Bridging Social Science, Policy and Community: Engaged Research

By Armenta, Mika | Chicago Policy Review (Online), August 24, 2018 | Go to article overview

Bridging Social Science, Policy and Community: Engaged Research


Armenta, Mika, Chicago Policy Review (Online)


If you ask a social researcher—psychologist, sociologist, cultural anthropologist—why they chose their profession, you might hear something like, “to help people,” but western social research is sometimes criticized for failing to help those who may need it most: groups on the underside of the power differential. When applied social research is driven by the researcher’s perspective, the result can be a biased, myopic view of a situation where the lived reality of the problem (e.g., police violence or community mental health) is not the researched reality.

University of Chicago School of Social Service Administration Assistant Professor Yanilda González strives to understand the problem from the perspective of the people and communities she studies.

“To do ethical research, we must engage with those we call ‘subjects,’” González said.

A political scientist and human rights activist, González is an engaged scholar. Her research and practice share a target: the consequences of inequality and state violence in marginalized communities of the Americas. In May 2018, she organized Grief as Resistance II: Violence, Trauma, and Resilience in Colombia and Chicago, a meeting that brought together academics, social workers and members of the affected communities to discuss their shared goal of reducing violence and achieving justice.

“I strive to first, let people speak for themselves, and second, use the institutional spaces I occupy—in this case within universities—to create opportunities, institutions and resources where the people who are directly affected by the issues I study can share their experiences and advance their work,” said González.

She believes that the community members at Grief as Resistance II—mothers of victims of state-sponsored violence in Colombia and Chicago—were the most important element of the meeting.

“The point [is that] the mothers influence our research. The mothers have been my teachers; they are activists and often researchers too.”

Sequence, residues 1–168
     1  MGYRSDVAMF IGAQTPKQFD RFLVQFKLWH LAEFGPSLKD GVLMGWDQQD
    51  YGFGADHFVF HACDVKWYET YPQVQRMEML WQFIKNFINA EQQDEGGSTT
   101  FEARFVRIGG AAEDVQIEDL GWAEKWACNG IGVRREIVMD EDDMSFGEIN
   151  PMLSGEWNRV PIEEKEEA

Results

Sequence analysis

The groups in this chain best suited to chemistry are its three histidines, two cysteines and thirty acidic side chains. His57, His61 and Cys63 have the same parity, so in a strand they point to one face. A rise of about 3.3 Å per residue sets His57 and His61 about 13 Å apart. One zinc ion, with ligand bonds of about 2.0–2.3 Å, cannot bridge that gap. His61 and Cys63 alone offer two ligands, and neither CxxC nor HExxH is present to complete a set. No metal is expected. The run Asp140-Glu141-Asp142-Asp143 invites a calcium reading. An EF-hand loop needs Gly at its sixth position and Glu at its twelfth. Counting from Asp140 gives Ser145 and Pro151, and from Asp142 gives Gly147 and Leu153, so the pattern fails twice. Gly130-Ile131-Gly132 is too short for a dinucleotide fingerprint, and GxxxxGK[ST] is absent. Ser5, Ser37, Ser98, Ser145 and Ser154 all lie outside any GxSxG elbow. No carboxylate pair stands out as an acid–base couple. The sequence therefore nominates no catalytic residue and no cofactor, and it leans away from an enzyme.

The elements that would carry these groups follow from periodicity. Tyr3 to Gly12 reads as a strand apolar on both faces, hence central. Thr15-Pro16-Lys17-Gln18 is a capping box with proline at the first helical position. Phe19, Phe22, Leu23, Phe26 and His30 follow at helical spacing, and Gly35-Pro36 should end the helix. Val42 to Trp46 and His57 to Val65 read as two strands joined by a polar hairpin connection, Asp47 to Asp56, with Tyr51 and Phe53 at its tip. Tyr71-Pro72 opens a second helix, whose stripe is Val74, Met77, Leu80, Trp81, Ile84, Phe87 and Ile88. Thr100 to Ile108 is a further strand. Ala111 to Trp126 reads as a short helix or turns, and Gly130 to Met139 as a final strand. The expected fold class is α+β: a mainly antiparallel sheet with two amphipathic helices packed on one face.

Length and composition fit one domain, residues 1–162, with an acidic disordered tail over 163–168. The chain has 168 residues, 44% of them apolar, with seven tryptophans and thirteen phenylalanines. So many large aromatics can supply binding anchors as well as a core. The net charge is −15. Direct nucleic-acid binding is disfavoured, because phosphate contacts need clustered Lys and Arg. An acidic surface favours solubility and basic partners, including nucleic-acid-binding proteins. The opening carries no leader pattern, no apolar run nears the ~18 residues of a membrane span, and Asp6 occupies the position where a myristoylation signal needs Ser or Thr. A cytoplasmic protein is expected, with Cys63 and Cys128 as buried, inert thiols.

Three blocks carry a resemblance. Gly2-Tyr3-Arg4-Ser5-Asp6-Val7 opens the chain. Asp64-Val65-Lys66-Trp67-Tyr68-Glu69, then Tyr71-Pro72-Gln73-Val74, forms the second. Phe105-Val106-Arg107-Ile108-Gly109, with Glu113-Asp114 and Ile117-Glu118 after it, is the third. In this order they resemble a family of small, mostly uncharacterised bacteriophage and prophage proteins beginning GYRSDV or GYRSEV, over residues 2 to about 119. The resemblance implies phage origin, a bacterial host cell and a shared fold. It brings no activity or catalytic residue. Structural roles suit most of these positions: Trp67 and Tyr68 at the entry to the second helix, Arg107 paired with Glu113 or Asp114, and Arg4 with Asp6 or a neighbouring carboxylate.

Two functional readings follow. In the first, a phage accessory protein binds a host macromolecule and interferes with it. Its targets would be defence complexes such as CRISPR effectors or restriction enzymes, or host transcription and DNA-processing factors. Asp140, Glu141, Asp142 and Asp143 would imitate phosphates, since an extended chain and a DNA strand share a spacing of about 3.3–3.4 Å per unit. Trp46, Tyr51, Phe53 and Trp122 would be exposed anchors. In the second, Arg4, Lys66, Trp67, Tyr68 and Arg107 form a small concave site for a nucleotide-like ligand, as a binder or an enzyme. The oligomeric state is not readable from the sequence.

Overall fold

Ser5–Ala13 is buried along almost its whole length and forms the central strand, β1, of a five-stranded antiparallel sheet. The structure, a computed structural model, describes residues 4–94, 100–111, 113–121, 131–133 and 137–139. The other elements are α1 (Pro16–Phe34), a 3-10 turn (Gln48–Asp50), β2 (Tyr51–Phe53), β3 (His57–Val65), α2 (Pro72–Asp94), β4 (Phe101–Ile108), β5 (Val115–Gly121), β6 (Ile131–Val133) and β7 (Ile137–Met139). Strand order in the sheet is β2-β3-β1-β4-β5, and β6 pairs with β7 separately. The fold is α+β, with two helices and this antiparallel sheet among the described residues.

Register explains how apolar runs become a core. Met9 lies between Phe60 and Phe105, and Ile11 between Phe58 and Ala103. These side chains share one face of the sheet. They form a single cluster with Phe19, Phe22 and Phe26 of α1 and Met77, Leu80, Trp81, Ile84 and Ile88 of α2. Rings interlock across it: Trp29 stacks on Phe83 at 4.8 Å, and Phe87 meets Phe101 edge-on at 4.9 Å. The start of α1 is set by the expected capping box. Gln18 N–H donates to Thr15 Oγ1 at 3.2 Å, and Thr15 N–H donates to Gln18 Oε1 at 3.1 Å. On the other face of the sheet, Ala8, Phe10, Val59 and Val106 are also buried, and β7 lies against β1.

According to Baum and colleagues (2006) and Goodkind and colleagues (2015), community-engaged approaches have been effective in marginalized communities where, despite good intentions, research may not address the problems it targets, and communities may not trust researchers.

Lack of trust is a problem in marginalized communities such as those of American Indians and Black residents of Chicago’s South Side where years of racism and colonization give rise to disparities in access to mental health treatment and protection against state violence.

“Nobody will understand,” said Dorothy Holmes, an invited panelist at Grief as Resistance. She is the mother of Ronald Johnson III, who was shot and killed by a Chicago police officer on Oct. 12, 2014. He was 25 years old and a father of five.

After her son’s death, Holmes founded the nonprofit RonnieMan Foundation, which seeks to reduce state corruption and violence while strengthening the community where Johnson died.

Among the foundation’s initiatives is the Justice 4 RonnieMan school supply drive, which will be celebrated on Sunday, Aug. 26, in Chicago’s Washington Park.

“I wish I had more mothers to see where I’m coming from,” Holmes said. “The city offers you money, but you can’t go to the cemetery and say ‘Here’s the money; bring my child back.’ You asked me why I do what I do. It’s to bring awareness of what happened to my son, and to other mothers.”

Through her research-activist relationships, Holmes is acting on these goals by traveling to tell her son’s story, and she’s discovering that it isn’t his alone. …

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